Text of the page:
Six In The Morning Saturday 18 November 2023


Civilians flee main Gaza hospital on foot

What the footage from al-Fakhoura school shows

Video footage from inside Al-Fakoura school

Footage has emerged online claiming to show the aftermath of a strike on the UNRWA-run al-Fakhoura School in Jabalia – which has been used a shelter for displaced people.

BBC Verify has geolocated the footage to the school.

The video, which is 1 minute 40 seconds long, begins at the western corner of the school building and tracks through various rooms and stairwells as the camera moves down towards the ground floor.

Many people – including women and children – are seen with severe injuries or lying motionless on the floor in different parts of the building. There are more than 20 such casualties visible in the footage, and around half of these are seen in one particular room on the ground floor, which also shows signs of considerable damage.

UN-run schools have been used as shelters for Gazans in the north. The weather conditions evident in the footage match the forecast from today and no previous versions of the video have been found online.

BBC Verify will continue review this and any other footage of the incident to establish further details.

  • Hundreds of people have been leaving al-Shifa hospital in Gaza City – the site that Israeli forces have been searching for days
  • Pictures show columns of Palestinians fleeing on foot, some waving white flags
  • A journalist among those leaving the hospital said there was gunfire and explosions overnight, and that bulldozers had dug huge holes in the hospital yard
  • The hospital director said the Israeli military had ordered an evacuation but the IDF denied this, saying it helped people leave after the director requested it

‘Shocking’ scale of UK government’s secret files on critics revealed

Dossiers were compiled by 15 departments after scouring social media activity to vet people invited to speak at official events

Fifteen government departments have been monitoring the social media activity of potential critics and compiling “secret files” in order to block them from speaking at public events, the Observer can reveal.

Under the guidelines issued in each department, including the departments of health, culture, media and sport, and environment, food and rural affairs, officials are advised to check experts’ Twitter, Facebook, Instagram and LinkedIn accounts. They are also told to conduct Google searches on those individuals, using specific terms such as “criticism of government or prime minister”.

Thousands protest in Madrid over proposed amnesty for Catalan separatists

Tens of thousands of Spaniards took to the streets of Madrid on Saturday to denounce a proposed amnesty law for Catalan separatists and activists, which was key for the left-wing government to retain power.


Around 170,000 people, according to police, gathered in Plaza de Cibeles in the heart of the Spanish capital in response to a call by right-wing leaders opposed to the amnesty plan.

Cries of “Sanchez, traitor”, “Sanchez in jail” and “Catalonia is Spain” were shouted by protesters of all ages who carried Spanish and other European flags distributed by the European People’s Party.

“What Pedro Sanchez wants is to cut Spain into pieces, to have the Basque country on one side and Catalonia on the other, and to say nothing happened,” said Maria Angeles Galan, a 65-year-old retiree from Madrid at the rally.


Kishida to press China on Fukushima ban after deal on expert talks



Prime Minister Fumio Kishida said Friday that China had agreed to expert-level talks aimed at addressing its ban on Japanese seafood following the release of Fukushima wastewater.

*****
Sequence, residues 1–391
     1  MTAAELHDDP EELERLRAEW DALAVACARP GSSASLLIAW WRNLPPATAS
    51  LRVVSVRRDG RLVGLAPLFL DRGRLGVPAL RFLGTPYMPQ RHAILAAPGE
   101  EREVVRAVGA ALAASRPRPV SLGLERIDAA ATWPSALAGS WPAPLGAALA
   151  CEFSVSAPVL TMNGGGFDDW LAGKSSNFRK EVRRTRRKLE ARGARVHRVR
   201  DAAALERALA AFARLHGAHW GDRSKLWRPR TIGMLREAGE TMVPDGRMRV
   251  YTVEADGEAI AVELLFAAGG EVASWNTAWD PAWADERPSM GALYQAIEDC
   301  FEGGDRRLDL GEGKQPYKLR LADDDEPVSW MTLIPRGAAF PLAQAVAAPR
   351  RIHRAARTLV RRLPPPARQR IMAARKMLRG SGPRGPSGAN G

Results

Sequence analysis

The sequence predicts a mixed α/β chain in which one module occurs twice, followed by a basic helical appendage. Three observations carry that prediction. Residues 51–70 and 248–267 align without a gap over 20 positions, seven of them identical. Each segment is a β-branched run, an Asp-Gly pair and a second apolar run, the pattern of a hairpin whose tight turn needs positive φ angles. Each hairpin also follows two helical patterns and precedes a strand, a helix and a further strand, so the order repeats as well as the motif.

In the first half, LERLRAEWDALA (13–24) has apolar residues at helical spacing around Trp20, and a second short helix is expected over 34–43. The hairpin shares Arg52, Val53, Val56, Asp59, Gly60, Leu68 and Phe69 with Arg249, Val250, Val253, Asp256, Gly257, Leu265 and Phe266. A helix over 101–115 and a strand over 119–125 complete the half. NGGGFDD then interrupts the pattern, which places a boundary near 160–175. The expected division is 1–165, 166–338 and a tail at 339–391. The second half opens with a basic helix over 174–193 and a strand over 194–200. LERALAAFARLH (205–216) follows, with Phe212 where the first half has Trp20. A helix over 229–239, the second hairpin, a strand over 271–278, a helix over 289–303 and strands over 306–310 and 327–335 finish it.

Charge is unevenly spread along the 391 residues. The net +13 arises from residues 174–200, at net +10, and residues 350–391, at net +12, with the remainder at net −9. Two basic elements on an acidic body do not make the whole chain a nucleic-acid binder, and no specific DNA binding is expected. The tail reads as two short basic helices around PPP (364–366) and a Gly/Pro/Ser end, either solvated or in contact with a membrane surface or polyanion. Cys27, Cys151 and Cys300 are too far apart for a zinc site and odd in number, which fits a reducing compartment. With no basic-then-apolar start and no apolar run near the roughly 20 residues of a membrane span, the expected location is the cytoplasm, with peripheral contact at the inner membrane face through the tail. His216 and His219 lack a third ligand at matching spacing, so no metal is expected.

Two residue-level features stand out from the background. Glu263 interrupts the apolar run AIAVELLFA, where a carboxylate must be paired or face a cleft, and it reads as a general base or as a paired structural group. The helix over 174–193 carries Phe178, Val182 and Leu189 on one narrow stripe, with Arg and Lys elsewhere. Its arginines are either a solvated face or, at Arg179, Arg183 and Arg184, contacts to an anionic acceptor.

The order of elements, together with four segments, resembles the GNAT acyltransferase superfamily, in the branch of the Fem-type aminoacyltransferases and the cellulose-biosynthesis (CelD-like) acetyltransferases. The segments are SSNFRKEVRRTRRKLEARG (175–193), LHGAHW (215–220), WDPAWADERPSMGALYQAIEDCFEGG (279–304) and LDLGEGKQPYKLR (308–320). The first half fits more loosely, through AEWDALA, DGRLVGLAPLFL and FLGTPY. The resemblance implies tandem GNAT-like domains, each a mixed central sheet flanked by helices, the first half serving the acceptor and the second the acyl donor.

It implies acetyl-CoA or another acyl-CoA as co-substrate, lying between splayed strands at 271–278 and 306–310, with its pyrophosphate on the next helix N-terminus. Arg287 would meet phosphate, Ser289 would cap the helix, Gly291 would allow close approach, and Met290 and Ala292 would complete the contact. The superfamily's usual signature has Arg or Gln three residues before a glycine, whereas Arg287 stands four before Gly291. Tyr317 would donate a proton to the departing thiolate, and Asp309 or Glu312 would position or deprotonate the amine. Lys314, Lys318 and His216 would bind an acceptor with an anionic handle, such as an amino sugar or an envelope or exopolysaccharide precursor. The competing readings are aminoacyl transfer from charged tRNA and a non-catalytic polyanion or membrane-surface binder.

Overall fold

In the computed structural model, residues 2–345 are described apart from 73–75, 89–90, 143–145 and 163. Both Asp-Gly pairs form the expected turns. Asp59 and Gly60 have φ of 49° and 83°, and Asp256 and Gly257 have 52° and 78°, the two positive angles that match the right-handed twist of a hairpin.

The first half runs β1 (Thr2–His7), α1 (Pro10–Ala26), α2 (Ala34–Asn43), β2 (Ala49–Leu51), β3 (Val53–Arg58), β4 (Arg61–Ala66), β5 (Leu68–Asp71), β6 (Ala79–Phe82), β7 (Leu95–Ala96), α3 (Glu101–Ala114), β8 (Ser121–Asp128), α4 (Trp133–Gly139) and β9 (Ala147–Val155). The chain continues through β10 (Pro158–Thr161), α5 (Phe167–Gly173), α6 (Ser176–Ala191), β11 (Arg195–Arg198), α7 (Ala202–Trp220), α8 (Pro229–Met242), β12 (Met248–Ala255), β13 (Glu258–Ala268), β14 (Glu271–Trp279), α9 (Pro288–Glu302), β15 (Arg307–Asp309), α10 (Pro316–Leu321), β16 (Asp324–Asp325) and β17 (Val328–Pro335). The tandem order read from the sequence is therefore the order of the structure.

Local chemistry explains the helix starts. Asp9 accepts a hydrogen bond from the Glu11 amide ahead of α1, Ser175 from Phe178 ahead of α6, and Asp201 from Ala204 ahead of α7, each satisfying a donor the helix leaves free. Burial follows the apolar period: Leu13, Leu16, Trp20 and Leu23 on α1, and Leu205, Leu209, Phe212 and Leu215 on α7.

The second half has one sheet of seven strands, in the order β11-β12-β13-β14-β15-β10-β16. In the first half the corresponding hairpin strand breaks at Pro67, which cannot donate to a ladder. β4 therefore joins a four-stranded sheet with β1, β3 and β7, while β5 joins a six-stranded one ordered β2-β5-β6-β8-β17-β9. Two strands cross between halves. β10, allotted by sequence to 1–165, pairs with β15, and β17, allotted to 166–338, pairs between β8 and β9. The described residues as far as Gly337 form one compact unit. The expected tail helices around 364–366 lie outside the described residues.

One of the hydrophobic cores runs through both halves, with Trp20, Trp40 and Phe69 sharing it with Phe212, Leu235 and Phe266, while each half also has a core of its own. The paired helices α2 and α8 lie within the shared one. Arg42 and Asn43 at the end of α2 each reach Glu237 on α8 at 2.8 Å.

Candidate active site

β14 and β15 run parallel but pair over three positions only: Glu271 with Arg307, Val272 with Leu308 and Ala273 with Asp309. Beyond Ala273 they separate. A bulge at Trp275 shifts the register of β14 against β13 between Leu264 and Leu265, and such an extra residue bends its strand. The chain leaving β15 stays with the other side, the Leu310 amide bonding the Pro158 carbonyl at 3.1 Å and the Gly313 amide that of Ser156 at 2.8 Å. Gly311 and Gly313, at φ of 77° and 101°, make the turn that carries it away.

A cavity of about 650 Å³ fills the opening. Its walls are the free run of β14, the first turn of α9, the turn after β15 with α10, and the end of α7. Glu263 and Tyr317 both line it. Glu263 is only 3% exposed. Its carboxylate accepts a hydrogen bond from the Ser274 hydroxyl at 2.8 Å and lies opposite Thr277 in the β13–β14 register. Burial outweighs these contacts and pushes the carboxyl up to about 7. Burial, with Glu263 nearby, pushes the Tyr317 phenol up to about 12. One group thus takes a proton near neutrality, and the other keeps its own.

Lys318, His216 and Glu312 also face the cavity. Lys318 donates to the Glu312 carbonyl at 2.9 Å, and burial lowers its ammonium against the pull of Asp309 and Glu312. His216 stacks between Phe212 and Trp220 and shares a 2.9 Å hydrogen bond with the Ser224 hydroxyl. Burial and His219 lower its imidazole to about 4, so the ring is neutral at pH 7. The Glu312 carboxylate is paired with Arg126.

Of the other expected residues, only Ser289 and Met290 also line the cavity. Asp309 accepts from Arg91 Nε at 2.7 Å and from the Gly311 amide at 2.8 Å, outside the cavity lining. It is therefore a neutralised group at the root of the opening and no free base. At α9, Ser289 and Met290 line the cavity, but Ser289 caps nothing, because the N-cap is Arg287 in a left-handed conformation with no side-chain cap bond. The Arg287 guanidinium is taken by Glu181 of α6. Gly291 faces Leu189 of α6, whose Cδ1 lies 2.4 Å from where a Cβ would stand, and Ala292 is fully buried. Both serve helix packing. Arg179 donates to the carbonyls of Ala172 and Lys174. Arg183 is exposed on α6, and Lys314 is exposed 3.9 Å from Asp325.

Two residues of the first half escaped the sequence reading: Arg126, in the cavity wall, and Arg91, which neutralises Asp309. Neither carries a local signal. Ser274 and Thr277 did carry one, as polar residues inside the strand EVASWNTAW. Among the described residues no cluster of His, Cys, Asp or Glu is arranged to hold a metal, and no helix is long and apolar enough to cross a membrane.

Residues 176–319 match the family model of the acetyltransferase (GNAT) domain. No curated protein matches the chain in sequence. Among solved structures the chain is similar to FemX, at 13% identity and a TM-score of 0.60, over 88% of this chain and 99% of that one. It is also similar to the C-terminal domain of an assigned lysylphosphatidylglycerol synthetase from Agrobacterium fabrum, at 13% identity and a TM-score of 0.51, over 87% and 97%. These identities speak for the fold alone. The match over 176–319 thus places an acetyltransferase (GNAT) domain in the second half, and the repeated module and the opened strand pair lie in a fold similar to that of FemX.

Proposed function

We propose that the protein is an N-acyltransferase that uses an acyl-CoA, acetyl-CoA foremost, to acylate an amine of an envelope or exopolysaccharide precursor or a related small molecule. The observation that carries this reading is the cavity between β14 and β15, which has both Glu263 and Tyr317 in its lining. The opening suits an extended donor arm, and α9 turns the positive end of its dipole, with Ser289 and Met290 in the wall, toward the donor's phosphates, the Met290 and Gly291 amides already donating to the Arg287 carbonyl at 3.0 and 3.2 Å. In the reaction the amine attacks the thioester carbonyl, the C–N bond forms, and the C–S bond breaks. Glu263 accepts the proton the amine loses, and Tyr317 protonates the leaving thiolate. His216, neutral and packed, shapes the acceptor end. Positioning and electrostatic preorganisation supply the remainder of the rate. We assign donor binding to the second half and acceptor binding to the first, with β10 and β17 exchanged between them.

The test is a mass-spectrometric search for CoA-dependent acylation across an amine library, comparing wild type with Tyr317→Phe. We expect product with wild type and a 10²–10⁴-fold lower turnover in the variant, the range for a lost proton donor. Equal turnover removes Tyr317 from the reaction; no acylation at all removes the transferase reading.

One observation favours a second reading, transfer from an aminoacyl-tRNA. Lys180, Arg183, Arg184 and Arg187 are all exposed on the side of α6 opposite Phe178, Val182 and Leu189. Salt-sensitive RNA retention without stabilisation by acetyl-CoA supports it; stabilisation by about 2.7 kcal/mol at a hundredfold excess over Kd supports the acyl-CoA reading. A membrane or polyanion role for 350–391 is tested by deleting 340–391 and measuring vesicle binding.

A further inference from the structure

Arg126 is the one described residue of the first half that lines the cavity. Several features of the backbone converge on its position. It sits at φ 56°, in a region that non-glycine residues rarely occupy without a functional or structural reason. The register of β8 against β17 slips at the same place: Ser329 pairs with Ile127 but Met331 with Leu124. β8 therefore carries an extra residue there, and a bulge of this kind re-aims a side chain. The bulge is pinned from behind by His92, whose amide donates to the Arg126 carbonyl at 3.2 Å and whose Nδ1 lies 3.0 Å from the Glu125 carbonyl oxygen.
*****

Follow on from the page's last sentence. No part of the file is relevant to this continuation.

China banned all Japanese seafood imports in August after Japan began to release the treated wastewater from the nuclear plant damaged in the March 2011 earthquake and tsunami that hit the Tohoku region.


Kishida said he discussed the wastewater row with Chinese President Xi Jinping when they met Thursday on the sidelines of an Asia-Pacific summit in San Francisco.


An Italian ski resort shut down by climate change plans to reopen with artificial snow. Not everyone is happy

There are few things Italians do better than dreaming big against the odds. Take the multi-million-dollar plan that’s been in the works since the 1990s to build the world’s longest suspension bridge across the Straits of Messina in the heart of Mafia land. Or the very existence of the city of Venice, built on a lagoon system that’s now better protected from extreme weather by mechanical flood gates that took more than 20 years to realize.

Now, plans to build a multi-million-dollar ski facility on a snowless northern Italian mountain may prove equally challenging.

The bald mountain is the Monte San Primo, a gorgeous 1,682 meter (5,518 foot) promontory that accounts for much of the landscape view from the north end of Lake Como. The quaint cobblestone city of Bellagio, at its base, is known as the “pearl” of the lake for beauty that has lured A-list celebs (and wealthy Russians), who own the majority of lavish villas nearby.

Elon Musk to file ‘thermonuclear lawsuit’ as advertisers desert X

Social media firm boss says he will sue media watchdog that said ads were being placed alongside antisemitic content

Elon Musk has said he will be filing a “thermonuclear lawsuit” against Media Matters and others, after major US companies paused their adverts on his social media site over concerns about antisemitism.

The media watchdog Media Matters said earlier this week that it found corporate advertisements by IBM, Apple, Oracle and Comcast’s Xfinity were being placed alongside antisemitic content, including that praising Adolf Hitler and the Nazis.

It led to a number of big names in technology and media announcing they would be withdrawing their advertising. It also included Warner Brothers, Paramount and Disney.